Long & short sighted at the same time

I’ve been fairly short-sighted all my life … around -4.5 to -5.5 dioptres. Which is enough that you can’t even tell that there are adverts on the side of buses. We found this out when I was in my early teens, and I wore glasses until my early twenties when I first tried contact lenses. I wore those until my mid-thirties when I found I was spending so much time living on aeroplanes and swapping timezones that my eyes were just constantly tired and “scratchy”.

So I switched back to glasses, and apart from a brief fling with some daily disposables, which I didn’t think fitted very well, that’s where I’ve been ever since.

Except that in the intervening years I now have astigmatism in both eyes, and thanks to the passing of those years, I also have the onset of presbyopia too. This is where the crystalline lens in your eye becomes less soft, making it harder for the muscles in your eye to squeeze it into the shape that is needed for you to focus on nearby objects. This happens without exception to everyone in their early to mid-forties; some people are just better at putting up with it than others. However like most short-sighted people, I’m very fussy about my eyesight, and was finding my inability to get good close-to vision very frustrating.

Options are pretty much five-fold:

  1. Normal and reading glasses
  2. Bi- or Varifocal glasses
  3. Normal contact lenses & reading glasses
  4. One long vision and one reading vision contact lens
  5. Varifocal contact lenses

All have advantages and disadvantages. The first three require several pairs of glasses to enable you to cope with all circumstances – normal vision, close-to work, and sunglasses. The latter pair require that your brain be able to accommodate & compensate for the ways that the lenses work – something that some people apparently cannot readily do.

I most like the idea of the last option, which should provide pretty much total correction for my problems. Even better, CooperVision have recently created a version of this lens that provides astigmatic correction too, in a material which is completely transparent to oxygen, which means that there is significantly less problem with keeping the eyes in good condition while wearing the lenses from first waking to bedtime.

And so today I’m starting a trial to see how well they work for me, and whether or not I’m one of the people whose brain can work out how to look through the lenses to get the right visual correction, and whether that resulting vision will be clear enough to satisfy my rather fussy requirements. The trial will take about a fortnight, when I’ll head back to the opticians to see how well I’m getting on with them. At that point we’ll need to evaluate whether or not the results are good enough for me to live with long term. Otherwise we’ll have to try some of the other options.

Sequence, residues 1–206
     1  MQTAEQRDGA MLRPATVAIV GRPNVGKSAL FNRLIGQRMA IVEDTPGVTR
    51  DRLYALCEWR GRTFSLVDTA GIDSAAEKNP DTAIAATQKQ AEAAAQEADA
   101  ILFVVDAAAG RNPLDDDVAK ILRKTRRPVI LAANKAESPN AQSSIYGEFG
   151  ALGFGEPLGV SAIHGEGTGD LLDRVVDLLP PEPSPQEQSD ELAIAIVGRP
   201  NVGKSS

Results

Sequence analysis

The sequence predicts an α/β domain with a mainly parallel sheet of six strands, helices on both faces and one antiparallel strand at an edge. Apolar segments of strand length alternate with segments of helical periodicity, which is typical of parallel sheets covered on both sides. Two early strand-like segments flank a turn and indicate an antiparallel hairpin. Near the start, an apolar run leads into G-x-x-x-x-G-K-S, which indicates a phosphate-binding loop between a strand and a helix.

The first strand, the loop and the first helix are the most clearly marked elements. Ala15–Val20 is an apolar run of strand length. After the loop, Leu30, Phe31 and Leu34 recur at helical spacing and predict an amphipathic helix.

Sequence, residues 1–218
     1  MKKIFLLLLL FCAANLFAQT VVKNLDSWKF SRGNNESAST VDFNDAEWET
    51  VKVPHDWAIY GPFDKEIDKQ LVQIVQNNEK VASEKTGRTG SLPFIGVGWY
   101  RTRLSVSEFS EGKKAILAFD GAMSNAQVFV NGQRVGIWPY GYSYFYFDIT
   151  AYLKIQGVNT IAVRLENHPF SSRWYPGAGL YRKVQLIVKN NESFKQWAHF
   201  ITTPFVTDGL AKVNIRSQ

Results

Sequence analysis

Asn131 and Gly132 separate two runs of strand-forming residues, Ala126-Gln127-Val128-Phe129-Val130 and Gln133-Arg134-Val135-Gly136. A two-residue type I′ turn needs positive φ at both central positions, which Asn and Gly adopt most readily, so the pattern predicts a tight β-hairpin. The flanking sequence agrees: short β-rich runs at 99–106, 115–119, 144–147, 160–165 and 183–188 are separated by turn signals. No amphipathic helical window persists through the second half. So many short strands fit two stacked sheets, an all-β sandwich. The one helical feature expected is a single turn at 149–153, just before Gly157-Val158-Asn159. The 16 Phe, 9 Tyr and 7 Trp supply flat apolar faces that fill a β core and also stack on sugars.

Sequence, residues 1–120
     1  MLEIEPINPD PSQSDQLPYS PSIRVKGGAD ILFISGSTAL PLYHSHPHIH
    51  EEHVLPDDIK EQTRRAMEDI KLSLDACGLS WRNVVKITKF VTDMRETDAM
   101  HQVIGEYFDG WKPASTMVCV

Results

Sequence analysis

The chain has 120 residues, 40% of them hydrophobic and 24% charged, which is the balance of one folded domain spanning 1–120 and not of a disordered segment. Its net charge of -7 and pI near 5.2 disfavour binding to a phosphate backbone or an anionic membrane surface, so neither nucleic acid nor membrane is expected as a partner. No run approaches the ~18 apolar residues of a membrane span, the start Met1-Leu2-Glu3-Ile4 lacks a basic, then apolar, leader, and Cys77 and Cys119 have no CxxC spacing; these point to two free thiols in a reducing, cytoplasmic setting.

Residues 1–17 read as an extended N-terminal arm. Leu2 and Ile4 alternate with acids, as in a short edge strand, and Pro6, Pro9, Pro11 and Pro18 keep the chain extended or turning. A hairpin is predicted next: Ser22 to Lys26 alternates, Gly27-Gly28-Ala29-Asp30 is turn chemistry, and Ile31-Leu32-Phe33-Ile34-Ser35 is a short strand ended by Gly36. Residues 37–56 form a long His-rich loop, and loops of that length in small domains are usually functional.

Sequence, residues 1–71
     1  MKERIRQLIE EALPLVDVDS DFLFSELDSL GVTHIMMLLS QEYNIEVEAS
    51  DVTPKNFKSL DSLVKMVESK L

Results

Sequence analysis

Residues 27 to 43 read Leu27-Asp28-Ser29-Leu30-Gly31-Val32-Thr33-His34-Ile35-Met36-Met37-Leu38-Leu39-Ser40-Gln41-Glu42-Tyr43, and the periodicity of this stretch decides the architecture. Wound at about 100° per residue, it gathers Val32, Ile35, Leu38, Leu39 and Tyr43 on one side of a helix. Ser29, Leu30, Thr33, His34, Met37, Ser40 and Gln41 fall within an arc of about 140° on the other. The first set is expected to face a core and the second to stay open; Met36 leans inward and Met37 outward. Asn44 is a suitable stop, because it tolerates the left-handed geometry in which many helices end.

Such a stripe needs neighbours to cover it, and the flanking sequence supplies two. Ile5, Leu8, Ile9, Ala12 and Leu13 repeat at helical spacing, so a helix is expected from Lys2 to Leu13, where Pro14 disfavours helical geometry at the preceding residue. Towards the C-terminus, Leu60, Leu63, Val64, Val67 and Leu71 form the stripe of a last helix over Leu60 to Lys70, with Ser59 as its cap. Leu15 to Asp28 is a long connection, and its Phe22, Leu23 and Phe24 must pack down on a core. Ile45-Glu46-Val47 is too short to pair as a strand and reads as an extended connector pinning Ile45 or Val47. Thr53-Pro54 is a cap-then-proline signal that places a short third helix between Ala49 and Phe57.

So far the correction at close distances is superb. Reading is easy and comfortable. Suddenly I don’t need longer arms any more! However, the long distance vision is less good than I was expecting, with a lot of blurring. I guess this is because (with only 4 hours practice) my brain hasn’t quite worked out to best use the information that its being presented with yet.

So fingers crossed I can “get it”, as it will mean no need for multiple pairs of glasses, and the ability to wear normal (rather than insanely overpriced!) sunglasses again. Which will be nice.

5 thoughts on “Long & short sighted at the same time

    • Thanks for the pointer to the article. I’ve heard of this approach before, but I discounted it because I never coped well with hard lenses which I believe is what you need to wear to get this affect. Does sound an interesting approach though; get your vision correction from what amounts to almost a side-effect of the lens wearing!

  1. Hi. A decade on, how are your eyes now, with the benefit of your experience in the various options? And what would you recommend, now, please? I found your blog helpful, but would benefit from your observations by way of update. Thanks.

    • I don’t think it’s possible to recommend – the decision is just too personal. For me, none of the options are perfect.

      I struggle in the long-term with the brain-tricking that is needed with a distance/reader contact lens; I get tired eyes and headaches. Unfortunately the varifocal contact lenses essentially depend on that same trick, and so have the same downside for me.

      Multiple pairs of single-vision glasses give excellent results, but you have to carry them, And in my case, if I’m wearing distance correction glasses, I can’t see the car instrument panel while driving. So that’s out. And single vision contacts with glasses for reading have the same problem when driving. So they’re out too.

      Which just leaves varifocal glasses. So that’s what I have. The main problem with them are that you have to move your head, not your eyes. So they’re a bit inconvenient when actively looking from side to side, as when driving or playing sports. However, once you’ve adapted to them, the do basically work, and the vision is better than anything else I’ve tried. You need to go somewhere that will do the fitting well though – the measurements from the fitting are critical in getting the lens to work properly – far more so than with single vision lenses.

      The holy grail would be accommodating interoccular lens, where they surgically replace the lenses in your eyes with artificial ones, and attach the muscles that focus your natural lens to them instead. With custom made lenses to match the shape of my eye, that would basically give perfect vision that would outlast me. Hopefully by the time I’m old enough to need cataract operations, that will be an option, but for now I’m sticking with good quality varifocal glasses.

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